Pet owners, farmers, ranchers and animal rescue groups are feeling the pinch of a provincewide shortage of veterinary services and the problem is expected to worsen in northern B.C. because Prince George lacks a 24-hour, 365-day-per-year emergency call facility to deal with after-hours animal medical situations.
Overworked vets are struggling to keep up to patient demand and the city has lost close to 25 per cent of its animal doctors just in the past year.
Ben Bauman set up his Victoria Street practice, Birchwood Veterinary Clinic, about a year-and-a-half ago and he is its only veterinarian, sharing the patient workload with three veterinary technicians. Trying to balance his work demands with his home life as the father of three young children, he’s feeling the strain from being understaffed.
“I don’t know how to fix it, I’ve been in it for 12 years now and it’s been getting progressively worse the entire time I’ve been a member of the profession,” said the 41-year-old Bauman. “The fix for us in Prince George is an emergency facility, but you need probably six doctors and 12 technicians for a 365-day-a-year, 24-hour a day (clinic) and we can’t even find one to work for us.
”People are leaving Prince George because of that situation. The new grads don’t want to do after-hours service. There’s not an easy solution because you can’t just go and get more people. You can’t offer them more money to get them here because they don’t want to work without a facility. ”
in the absence of an after-hours veterinary medical centre similar to facilities run by corporate entities in Kelowna, Vancouver, Calgary and Edmonton, the number of veterinarians now serving the city, including part-timers, has dropped to about 15. To meet demand for on-call services after hours, Prince George vets are having to take turns responding to calls. For pet owners who are already clients at a certain practice, after-hours services are available. But for patients without an association with a local veterinary clinic, their options are limited.
“People have a misconception; they think there’s people at our clinics 24 hours a day but there’s no one here,” Bauman said. “You hospitalize patients and they sit in kennels by themselves overnight. If it’s too critical, there’s always euthanasia, or you take them in your car and go to Kelowna and hope they don’t pass on the way. It’s bad.”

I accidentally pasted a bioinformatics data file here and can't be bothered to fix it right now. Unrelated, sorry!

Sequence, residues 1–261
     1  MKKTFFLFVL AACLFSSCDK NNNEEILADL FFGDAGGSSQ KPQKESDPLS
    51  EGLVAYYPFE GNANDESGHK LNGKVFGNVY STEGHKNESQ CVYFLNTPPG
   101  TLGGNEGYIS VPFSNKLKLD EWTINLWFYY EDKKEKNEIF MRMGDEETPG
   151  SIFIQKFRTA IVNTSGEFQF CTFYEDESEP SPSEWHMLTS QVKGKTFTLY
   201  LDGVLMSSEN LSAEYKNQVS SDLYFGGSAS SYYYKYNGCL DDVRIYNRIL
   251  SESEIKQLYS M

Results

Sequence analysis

At Birchwood, similar to other clinics in the city, appointments are booked months ahead of time and no new patients are being accepted until the existing list of appointments are seen to.
“For pet owners, I can image how frustrating it is, so we always recommend if there is a waitlist to get themselves on the waitlist because that way we can actually draw from names if we’re ready to open,” said Birchwood manager Mel Bauman. “We’re a one-doctor practice and we’re closed to (new) clients because we’re just trying to catch up to everybody.
“We opened up last year with 650 on our waitlist. We need a facility and we need more vets. All of these people are in this position because they love animals and we want them to stay healthy so they can continue to practice. They’re all working so hard and so may extra hours, they’re just getting tired.”
Dr. Bauman said he’s developed chronic gut pain, which he attributes to the stress of running his clinic.
The five other local clinics that share on-call veterinary duties with Birchwood - College Heights Veterinary Clinic, Hart Family Veterinary Clinic, Murdoch Veterinary Clinic, Ospika Animal Hospital, and Prince George Veterinary Hospital – formed an association known as the Prince George Veterinary After-Hours Care Group. They highlighted their concerns about not having after-hours emergency centre in a presentation last week at the Prince George Chamber of Commerce annual general meeting.